This is the first article in the French Election and how it can effect the financial markets. First step; get to know the main candidates. Here are our 2 current front runners.
Marine Le Pen – Front National Party
Marine Le Pen is a lawyer by trade and the Daughter of Jean-Marie Le Pen, who was the party’s first leader and center of the party until his resignation in 2011.
No fan of the EU, she is backing a so-called “Frexit” and promises to bring industry back to France. Believes in a France first approach and wants to limit immigration to 10,000 entries per year. While many believe she represents the far-right of French Politics; by promising to withdraw the El Khomri law (labour law), the FN Party echoes the political left as well.
“In the name of the people” is the the slogan being used and Le Pen desires to end “unregulated globalization” that is pitting the people vs the elites. Keeping with “the people”, she promises to lower the retirement age to 60, reduce energy prices and taxes, introduce trade barriers that help small business and protect the civil servants by keeping the 35-hour work week. Le Pen is expected to be in a run-off; having the highest current poll numbers; with 23.5% of the support.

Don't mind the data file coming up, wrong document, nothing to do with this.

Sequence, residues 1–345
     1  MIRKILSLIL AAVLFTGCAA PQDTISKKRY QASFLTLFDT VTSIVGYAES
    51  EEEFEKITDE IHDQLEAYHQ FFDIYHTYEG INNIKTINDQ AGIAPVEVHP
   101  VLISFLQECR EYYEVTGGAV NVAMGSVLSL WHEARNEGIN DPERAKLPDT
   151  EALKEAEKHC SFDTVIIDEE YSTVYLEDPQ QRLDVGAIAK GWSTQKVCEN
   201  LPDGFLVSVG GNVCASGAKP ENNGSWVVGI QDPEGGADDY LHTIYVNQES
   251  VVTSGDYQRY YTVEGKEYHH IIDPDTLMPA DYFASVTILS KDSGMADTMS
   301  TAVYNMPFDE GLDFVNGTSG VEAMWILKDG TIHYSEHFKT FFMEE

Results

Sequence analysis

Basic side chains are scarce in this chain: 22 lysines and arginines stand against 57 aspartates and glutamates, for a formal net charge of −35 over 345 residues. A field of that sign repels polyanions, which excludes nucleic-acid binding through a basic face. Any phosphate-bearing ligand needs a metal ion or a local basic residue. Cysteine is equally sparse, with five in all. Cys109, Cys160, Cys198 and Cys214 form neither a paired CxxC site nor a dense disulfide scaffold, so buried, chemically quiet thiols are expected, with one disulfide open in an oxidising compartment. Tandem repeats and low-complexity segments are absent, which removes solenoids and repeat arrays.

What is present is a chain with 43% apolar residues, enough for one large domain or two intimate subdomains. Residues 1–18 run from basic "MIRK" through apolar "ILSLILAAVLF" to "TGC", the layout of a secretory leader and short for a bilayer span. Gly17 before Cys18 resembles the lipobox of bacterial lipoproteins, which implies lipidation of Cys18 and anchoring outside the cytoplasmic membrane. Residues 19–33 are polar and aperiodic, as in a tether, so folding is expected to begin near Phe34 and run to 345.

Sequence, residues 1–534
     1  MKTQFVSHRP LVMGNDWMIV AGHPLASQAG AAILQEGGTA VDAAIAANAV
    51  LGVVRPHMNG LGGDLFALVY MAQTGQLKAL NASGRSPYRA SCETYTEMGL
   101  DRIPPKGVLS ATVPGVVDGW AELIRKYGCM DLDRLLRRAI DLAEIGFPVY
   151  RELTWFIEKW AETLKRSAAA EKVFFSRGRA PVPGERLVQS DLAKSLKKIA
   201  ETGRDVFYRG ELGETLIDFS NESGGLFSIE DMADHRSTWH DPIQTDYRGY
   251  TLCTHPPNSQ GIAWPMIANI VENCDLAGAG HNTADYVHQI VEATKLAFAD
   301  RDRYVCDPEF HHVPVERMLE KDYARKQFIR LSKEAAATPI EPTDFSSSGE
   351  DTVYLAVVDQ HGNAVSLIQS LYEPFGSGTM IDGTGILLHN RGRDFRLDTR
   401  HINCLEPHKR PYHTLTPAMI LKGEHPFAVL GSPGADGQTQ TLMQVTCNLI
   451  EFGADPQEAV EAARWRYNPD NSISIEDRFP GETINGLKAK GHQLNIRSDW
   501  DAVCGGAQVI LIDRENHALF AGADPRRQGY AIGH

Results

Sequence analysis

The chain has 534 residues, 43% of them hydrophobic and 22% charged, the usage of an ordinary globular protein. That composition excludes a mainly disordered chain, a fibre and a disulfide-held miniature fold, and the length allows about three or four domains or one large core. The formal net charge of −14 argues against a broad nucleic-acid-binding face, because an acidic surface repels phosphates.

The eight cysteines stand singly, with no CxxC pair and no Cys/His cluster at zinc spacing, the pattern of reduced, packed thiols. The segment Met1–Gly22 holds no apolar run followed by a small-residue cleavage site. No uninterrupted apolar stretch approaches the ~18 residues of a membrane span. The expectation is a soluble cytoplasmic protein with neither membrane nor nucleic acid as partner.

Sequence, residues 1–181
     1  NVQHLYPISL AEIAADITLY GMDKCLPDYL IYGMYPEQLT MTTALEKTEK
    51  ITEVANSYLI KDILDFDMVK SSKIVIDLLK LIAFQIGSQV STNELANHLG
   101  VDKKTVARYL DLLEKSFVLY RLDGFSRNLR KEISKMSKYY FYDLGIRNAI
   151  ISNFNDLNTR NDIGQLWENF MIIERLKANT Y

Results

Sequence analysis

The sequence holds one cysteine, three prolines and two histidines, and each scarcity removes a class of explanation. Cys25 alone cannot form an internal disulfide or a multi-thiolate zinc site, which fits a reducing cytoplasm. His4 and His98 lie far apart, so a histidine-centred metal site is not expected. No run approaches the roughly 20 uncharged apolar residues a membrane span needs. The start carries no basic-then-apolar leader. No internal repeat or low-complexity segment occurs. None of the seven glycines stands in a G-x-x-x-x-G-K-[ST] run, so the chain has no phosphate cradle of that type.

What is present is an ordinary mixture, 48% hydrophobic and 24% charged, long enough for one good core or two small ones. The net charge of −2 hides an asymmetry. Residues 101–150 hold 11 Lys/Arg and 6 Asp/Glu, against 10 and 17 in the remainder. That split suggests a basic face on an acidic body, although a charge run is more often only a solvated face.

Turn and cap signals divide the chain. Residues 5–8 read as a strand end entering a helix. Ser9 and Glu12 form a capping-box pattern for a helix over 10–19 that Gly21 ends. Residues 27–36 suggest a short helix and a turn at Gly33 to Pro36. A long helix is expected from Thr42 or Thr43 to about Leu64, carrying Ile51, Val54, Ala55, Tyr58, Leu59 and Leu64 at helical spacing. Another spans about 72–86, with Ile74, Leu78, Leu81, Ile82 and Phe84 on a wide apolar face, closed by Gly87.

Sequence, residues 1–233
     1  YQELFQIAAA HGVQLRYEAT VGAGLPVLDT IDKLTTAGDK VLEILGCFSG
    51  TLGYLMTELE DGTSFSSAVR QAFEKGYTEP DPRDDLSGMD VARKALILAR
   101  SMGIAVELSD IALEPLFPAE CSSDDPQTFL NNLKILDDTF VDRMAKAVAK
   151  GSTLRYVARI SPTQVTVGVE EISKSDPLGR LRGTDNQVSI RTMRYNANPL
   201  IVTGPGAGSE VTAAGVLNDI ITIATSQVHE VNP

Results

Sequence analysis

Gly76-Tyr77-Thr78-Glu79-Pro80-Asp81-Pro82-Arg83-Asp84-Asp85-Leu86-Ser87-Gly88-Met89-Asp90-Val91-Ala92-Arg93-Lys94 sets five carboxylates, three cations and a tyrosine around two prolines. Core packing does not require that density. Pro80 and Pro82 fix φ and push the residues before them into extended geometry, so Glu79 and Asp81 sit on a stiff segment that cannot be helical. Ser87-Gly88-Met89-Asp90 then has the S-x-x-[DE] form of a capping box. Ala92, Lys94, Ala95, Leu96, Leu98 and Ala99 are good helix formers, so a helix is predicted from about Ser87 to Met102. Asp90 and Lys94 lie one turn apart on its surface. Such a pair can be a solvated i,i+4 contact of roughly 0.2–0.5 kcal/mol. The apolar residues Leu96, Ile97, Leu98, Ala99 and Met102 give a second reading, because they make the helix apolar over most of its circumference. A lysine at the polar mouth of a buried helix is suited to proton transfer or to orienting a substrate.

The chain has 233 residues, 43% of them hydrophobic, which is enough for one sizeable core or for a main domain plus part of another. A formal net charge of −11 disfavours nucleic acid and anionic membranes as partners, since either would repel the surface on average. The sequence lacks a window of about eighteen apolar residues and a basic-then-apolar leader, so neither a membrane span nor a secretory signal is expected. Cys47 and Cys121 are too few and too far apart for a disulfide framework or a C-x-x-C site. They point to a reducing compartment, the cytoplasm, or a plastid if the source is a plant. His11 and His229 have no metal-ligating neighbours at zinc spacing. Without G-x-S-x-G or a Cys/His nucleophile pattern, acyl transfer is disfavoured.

Emmanuel Macron – En Marche! Party
Emmanuel Macron is a business banker and former Minister of the Economy, Industry and Digital Technology under Francois Hollande. Denouncing any affiliation with left and right politics; he left Hollande’s Socialist Government and launched his own political party; “En Marche!”.
Opposite of Le Pen, Macron is an absolute Europeanist and wants to revitalize the “European Dream” by boosting the single market and currency in a post-Brexit world. Key manifesto points show a desire to put “French Values” at the heart of education, while reforming taxation, employment and the welfare system. At a recent rally Macron pledged to hire 10,000 more police officers and improve cooperation between security services. While pushing French workers to embrace mechanization stating, “Work is going to change and we will be part of that change.”; in hopes to stop the frequent strikes around this matter.
The 39 year-old has been buoyed by improper spending allegations against Francois Fillon and Marine Le Pen; but little attention has been paid to his policies. We expect increased scrutiny of Macron now that he has reached the front of the pack; his austerity measures (60 billion Euro over 5 years) to receive the most negative attention. Macron is currently expected to be in a run-off with 23.4% of the support.